Advice to owners

Advice to owners of properties that are intending to make alterations


A LISTED PROPERTY eg Grade 1 or 2

First discuss your plans with the Conservation Officer at Babergh District Council



A few suggestions if you are thinking about making alterations to your property, particularly if it is included in the current Local List.

These properties appear on the Revised Local List for Sudbury 2018. Many of these buildings date from the second half of the 19th century and the early 20th century – built of local brick, roofed in slate and fitted with wooden doors and sash windows. As a rough guide the number of panes in each sash decreased from eight in the 1850s down to two in the early 1900s. The sash windows were always set back about three inches within the brick opening, never flush with the brick surface.


Work on windows

A competent local carpenter or a specialist firm can refurbish old windows and give them a new lease of life. Secondary glazing can also be fitted inside the sash window to reduce draughts and cut out noise.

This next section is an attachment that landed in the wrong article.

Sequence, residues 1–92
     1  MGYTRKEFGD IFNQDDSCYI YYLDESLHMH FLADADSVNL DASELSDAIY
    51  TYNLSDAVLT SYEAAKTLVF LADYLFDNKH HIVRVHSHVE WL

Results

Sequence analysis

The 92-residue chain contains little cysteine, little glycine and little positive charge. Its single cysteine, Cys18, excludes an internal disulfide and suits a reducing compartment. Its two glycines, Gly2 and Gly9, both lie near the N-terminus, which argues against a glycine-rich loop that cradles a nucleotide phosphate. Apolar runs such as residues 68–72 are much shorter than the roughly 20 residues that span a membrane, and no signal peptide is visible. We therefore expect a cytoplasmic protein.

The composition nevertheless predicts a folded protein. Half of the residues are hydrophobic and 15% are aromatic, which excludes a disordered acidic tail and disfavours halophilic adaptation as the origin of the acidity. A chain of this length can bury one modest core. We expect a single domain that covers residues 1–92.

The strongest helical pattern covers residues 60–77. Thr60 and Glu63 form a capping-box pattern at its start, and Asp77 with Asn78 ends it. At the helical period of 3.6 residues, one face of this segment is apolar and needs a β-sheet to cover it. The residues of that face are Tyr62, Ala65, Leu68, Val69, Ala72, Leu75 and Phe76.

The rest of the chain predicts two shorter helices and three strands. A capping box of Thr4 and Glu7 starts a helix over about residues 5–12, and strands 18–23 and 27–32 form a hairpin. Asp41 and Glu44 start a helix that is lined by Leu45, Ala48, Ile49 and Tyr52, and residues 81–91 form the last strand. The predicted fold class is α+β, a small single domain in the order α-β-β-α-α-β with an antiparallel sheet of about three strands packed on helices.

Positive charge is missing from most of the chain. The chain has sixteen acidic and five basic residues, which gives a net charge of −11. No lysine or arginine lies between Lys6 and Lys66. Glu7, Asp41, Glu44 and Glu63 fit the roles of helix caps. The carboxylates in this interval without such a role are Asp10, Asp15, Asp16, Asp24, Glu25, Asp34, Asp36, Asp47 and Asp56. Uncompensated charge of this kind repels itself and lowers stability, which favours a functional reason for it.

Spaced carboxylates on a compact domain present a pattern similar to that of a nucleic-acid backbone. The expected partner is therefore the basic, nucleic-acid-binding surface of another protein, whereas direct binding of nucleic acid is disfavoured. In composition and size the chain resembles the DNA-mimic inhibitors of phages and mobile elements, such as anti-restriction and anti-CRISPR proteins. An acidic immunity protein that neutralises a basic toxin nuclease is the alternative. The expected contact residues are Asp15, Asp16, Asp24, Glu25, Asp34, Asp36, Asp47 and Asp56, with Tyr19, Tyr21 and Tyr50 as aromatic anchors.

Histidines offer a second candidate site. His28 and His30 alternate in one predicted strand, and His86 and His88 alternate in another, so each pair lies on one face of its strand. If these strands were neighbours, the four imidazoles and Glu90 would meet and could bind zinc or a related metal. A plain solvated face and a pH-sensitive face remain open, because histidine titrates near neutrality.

If the old windows are beyond repair we urge owners to replace like-with-like as far as possible i.e. new wooden sash windows set back within the brick opening. We can suggest the correct number of panes for the original date of construction and the best replacement sash windows can be supplied with sealed units without the need for very thick glazing bars.


Many houses are being fitted with UPVC double glazing which can seriously damage the ‘period’ character of a property. Often the new windows do not open like sashes, take no heed of traditional glazing patterns and are fitted flush with the brick opening. However, there are firms which produce quite a reasonable approximation to original wooden sashes.


Work on walls

Many older houses are built of local Ballingdon white bricks. These acquire a patina over the years but some owners like their building to look as clean as possible. Using high pressure water should not be to much of a problem but using sand blasting or chemicals are liable to take off the top surface of the bricks. Overenthusiastic cleaning can also have an unfortunate impact, for example in a terrace, with the cleaned building sticking out like the proverbial sore thumb!